The original plans for this set included a single 40 round pouch shown below, it was to be worn on the left behind the water bottle behind the frog, the plan drawings show these pouches with brass stores number plates over the closure strap stitches a practice dropped for the previous 1888 sets then finally discontinued for good in 1894 in favour of internal ink stampings so 1890 pattern pouches made after that date lacked them.
In 1896 a Mk II version of the 40 round pouch was introduced with rivets replacing stitches, the simplified construction method (one continuous front, back, top, bottom) meant fewer rivets with just the sides bolted on, none of the larger ammunition pouches below were re-worked in this way due to the continued use of the large 1880 ammunition bag.
This larger 1890 Mk I .303 ammunition bag was also seen but with no mention of number of rounds capacity it was intended to either carry loose rounds to reload the bandoliers or carry the rifle tools, to be worn at the rear in the plan the initial version had pockets for a sight guard, jag, snap cap and protector as well as a loaded Lee Metford magazine but this mag pocket was deleted from 1893, photographs show that the 1880 large ammo bag was more often worn on this pattern than this pouch, in 1893 this earlier 1880 bag had its closure stud changed so was retitled "bag, ammunition, leather, M.H. Mk IV", due to problems with the new Lee Metfords the Martinis remained in Naval service longer than planned.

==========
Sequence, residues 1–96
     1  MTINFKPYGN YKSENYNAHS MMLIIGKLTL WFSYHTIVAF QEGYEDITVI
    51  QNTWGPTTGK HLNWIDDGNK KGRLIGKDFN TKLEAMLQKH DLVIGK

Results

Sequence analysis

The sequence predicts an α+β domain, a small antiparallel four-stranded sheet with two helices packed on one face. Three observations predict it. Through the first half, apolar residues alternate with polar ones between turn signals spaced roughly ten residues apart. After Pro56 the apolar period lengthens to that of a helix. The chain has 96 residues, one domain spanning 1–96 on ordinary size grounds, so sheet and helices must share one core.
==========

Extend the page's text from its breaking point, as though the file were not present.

A new Mk IV frog slightly larger but identical looking to its predecessor for swords, bayonets and cutlai was worn, the 1888 Mk III all rivet frog was deemed to be too tight for a cutlass/cutlass bayonet so was to be used up as a bayonet frog only with remaining 1880 Mk II sewn/riveted frogs used up for cutlasses/cutlass bayonets (these were previously only for bayonets or swords) confused yet ? as the older models wore out the Mk IV replaced them all.
The first carrier for the new Army style round enamelled metal water bottle was slung from a thin and flimsy shoulder strap but this was withdrawn from October 1892.
The Mk II round water bottle carrier was belt mounted, the second version of the bottle entered service in late 1890 and deleted the outside metal hoops, a Mk III carrier deleted the bottom square hole for the earlier bottles' metal hoop and was introduced in 1893.
As the top cartridge carrier prevented a blanket from being worn tied across the shoulder an overly complex blanket carrier was introduced for this set, not silly at all it had a square fame with straps and buckles and two swiveling tabs from which straps went over and under the arm to buckle to the front brace loops (yet to prevent it bouncing around it had to be laced under the belt).
Problems quickly led to this second variant with single wide tabs and holes for brace studs.
This was still not right so a third version with short buckles attaching to the rear brace loops was worn by officers in the Far East in 1900.
The white canvas haversack changed to a belt only fitting for this set and was longer and low slung.